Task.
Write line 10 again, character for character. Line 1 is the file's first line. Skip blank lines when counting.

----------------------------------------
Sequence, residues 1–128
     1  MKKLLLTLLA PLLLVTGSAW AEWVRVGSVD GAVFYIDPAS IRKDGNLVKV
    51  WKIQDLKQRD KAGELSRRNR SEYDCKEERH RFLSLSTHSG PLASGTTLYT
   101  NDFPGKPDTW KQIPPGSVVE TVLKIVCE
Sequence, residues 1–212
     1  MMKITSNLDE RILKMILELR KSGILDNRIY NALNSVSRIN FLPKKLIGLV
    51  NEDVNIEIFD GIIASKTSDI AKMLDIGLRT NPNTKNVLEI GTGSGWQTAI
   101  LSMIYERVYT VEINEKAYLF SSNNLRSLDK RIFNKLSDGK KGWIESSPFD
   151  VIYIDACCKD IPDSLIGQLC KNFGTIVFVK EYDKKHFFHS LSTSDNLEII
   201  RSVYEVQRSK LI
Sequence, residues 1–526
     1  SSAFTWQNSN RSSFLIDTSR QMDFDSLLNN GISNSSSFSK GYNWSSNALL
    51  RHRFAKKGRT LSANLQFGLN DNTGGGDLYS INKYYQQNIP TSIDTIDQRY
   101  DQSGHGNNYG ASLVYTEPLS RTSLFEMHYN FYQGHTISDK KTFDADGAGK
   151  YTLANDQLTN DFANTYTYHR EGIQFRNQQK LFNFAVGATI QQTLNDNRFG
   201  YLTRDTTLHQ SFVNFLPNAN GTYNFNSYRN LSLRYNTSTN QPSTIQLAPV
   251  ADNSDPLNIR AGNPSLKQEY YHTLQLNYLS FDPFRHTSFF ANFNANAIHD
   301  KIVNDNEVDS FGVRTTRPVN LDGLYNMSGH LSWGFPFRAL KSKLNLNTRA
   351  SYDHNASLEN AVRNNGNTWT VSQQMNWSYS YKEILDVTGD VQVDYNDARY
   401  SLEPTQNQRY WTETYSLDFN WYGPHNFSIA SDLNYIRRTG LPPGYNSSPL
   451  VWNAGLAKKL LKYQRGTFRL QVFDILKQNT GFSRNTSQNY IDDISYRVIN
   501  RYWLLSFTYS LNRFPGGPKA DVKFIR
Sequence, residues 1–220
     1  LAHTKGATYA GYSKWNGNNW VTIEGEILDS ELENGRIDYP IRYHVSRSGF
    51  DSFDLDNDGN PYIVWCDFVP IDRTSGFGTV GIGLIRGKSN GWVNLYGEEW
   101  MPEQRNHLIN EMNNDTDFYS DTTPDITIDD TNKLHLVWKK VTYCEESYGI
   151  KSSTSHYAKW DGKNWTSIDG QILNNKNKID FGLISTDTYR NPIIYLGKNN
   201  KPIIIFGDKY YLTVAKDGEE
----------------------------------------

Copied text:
   201  RSVYEVQRSK LI